Tuesday, June 27, 2006

Academic baby-kissing

The other night GF and I went to a political event. It was a fundraising dinner for a political hopeful in our area. This was as good these kinds of events can get, from our perspective – a truly progressive politician, a woman who has a multi-ethnic base of support – out in force that night – in our overwhelmingly working-class constituency. But I found the whole thing a little hard to swallow. Other politicians were there, gladhanding. As much as I admire these people’s work – and sat with or near some of them, and could see that they are human beings – I couldn’t get over the reek of opportunism. The quite genuine agenda and great work of the politician we were supporting was sometimes overwhelmed by too many fake smiles and strategic chitty-chat on the part of her potential future cohort.

Anyway, it got me thinking again about what became clear to me this first year of full-time university teaching: that smarminess will get you places. I wanted to believe that academe was above that kind of politicking. But though most of the people I encounter in this realm are lovely, passionate, genuine people, the ones who aren’t really stick in my craw. I watch them use people, or otherwise treat them badly, and get rewarded for it.

The person I haven’t yet been able to get over is a former friend of mine. I watched her engage in games with faculty and students alike (oy, the stories I could tell – but I won’t), plastering over every interaction in the hallways of that institution with a transparently artificial smile. It felt like as if she had read a Spark Notes version of Dale Carnegie, one that counseled her to “always smile and use people’s names a lot – it will make them feel important”. All of this came, for me, at the end of years of watching her screw over good people. And she once revealed that the secret of her success was, essentially, to treat people well so she could get stuff from them later.*

To make a long story short, this person has made it. She demonstrated highly questionable ethics in her first year as a professor, and pissed off the people who hired her. Her work has never been anything to write home about. But she put her smarminess to work and she’s home free.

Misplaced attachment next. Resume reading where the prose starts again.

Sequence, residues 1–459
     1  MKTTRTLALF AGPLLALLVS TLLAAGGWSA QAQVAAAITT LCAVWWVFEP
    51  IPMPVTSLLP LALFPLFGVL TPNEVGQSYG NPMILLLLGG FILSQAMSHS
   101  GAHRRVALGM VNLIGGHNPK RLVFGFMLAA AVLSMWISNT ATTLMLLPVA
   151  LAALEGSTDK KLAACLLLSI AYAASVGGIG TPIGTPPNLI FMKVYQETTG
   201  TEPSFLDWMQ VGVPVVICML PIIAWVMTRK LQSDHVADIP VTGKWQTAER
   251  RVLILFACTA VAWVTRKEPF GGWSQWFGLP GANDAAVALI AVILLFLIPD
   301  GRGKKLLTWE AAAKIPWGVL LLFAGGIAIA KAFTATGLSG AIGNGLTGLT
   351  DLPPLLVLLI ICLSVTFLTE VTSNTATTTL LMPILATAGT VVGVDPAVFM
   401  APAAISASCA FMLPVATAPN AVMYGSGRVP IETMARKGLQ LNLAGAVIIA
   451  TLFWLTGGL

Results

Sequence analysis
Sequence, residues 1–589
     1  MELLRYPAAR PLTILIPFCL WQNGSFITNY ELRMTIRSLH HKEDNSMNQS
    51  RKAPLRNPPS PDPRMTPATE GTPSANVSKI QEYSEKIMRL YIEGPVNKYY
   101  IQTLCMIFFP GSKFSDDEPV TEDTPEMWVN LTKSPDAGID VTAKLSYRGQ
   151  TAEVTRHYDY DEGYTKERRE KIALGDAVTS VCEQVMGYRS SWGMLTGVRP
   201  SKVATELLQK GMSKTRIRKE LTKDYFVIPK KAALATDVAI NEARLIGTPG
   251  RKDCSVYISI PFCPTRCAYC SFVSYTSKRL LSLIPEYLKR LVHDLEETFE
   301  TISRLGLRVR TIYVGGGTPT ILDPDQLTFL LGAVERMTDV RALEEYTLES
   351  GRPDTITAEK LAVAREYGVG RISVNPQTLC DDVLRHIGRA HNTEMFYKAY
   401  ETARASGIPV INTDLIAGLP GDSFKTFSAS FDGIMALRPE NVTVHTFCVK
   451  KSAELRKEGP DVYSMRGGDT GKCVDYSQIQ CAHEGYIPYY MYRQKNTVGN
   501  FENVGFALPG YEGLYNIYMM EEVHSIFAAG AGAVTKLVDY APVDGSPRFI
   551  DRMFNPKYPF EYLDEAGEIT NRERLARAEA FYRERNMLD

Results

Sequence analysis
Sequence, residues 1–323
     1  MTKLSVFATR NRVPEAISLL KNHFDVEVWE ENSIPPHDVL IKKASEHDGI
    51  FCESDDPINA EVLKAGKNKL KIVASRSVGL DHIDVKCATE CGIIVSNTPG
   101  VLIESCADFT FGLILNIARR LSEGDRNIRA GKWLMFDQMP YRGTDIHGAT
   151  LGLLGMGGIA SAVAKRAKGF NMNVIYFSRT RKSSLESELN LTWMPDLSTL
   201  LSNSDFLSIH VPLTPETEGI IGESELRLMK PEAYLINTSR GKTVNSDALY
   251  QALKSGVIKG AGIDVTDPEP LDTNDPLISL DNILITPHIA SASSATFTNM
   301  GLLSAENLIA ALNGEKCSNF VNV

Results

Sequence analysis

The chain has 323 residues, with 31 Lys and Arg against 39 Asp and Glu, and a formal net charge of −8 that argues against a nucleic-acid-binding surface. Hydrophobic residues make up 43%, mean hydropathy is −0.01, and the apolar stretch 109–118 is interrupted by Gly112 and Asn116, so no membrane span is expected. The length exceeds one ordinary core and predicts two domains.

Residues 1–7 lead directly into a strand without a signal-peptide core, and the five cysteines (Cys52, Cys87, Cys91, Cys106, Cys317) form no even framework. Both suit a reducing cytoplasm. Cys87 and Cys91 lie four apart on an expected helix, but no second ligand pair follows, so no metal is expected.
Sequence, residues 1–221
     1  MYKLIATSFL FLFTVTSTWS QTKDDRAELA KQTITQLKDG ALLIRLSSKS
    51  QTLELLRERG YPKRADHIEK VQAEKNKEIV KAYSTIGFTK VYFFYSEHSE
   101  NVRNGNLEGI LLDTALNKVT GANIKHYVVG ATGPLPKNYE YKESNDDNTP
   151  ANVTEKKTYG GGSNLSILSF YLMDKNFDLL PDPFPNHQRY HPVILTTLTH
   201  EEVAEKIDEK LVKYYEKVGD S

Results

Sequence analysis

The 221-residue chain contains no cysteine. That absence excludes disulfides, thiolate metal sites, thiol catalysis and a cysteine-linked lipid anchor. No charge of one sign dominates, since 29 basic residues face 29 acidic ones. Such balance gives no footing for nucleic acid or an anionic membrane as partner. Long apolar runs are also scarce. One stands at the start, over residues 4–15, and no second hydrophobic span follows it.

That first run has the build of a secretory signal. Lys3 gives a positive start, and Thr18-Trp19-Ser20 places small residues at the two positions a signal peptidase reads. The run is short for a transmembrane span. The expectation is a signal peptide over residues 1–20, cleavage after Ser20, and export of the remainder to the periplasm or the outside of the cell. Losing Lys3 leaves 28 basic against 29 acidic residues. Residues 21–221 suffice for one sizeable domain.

We all know of cases like hers. What is it about this profession that makes us susceptible to folks like this? We should know better. Are professors so lacking in social skills that they can’t tell the difference between genuine engagement and self-interested pandering?

I think of my former friend with a certain rage as I watch my friends Gorgeous Big Personality and Lovely Humble Man continue to suffer after LDH's defeat. The pair wrote the book on ethics, and where does it get them? It burns my ass to realize that their life could probably look a lot different right about now if Lovely Humble Man weren’t so, well, humble. If he were willing to do the academic politicking that gets the smarmies the good jobs. And I can’t help but compare myself to my smarmy colleague – after all, we’re in the same cohort, and were on the job hunt at the same time over the last year. I’m no saint, but I have made very conscious decisions not to compromise myself several times over the course of a young academic career – and let’s not kid ourselves, the opportunities for compromise are rampant, are they not? Putting aside my own writing – because that’s not what smarminess is about, and I honestly think I’m at least the equal of my smarmy colleague in that respect, in terms of both output and quality – seeing her and other smarmies succeed makes me wonder if my life would look different, had I gone the baby-kissing route.

*Yes, this person was my friend. This has taught me a lot about, uh, being more choosy with my friends.


Texter said...

Ah, opportunism. It's something I've been thinking about alot. What does it mean to preach social change in the classroom but practice individual(ist) ambition and superficial connection (rather than solidarity) outside? I've actually been working on some kind of post on collectivity and collectives, which takes a different road that what you've broached here, but may be related. I would like to think that being genuinely genuine and ethically committed means something.

Hilaire said...

Yes, these are precisely the questions! I really look forward to reading your post, which I know will be more insightful than my angry rant.

Texter said...

I've been behind - busy right now - but I'm thinking on it and will write when I can. Your questions/posts are interesting and thought-provoking.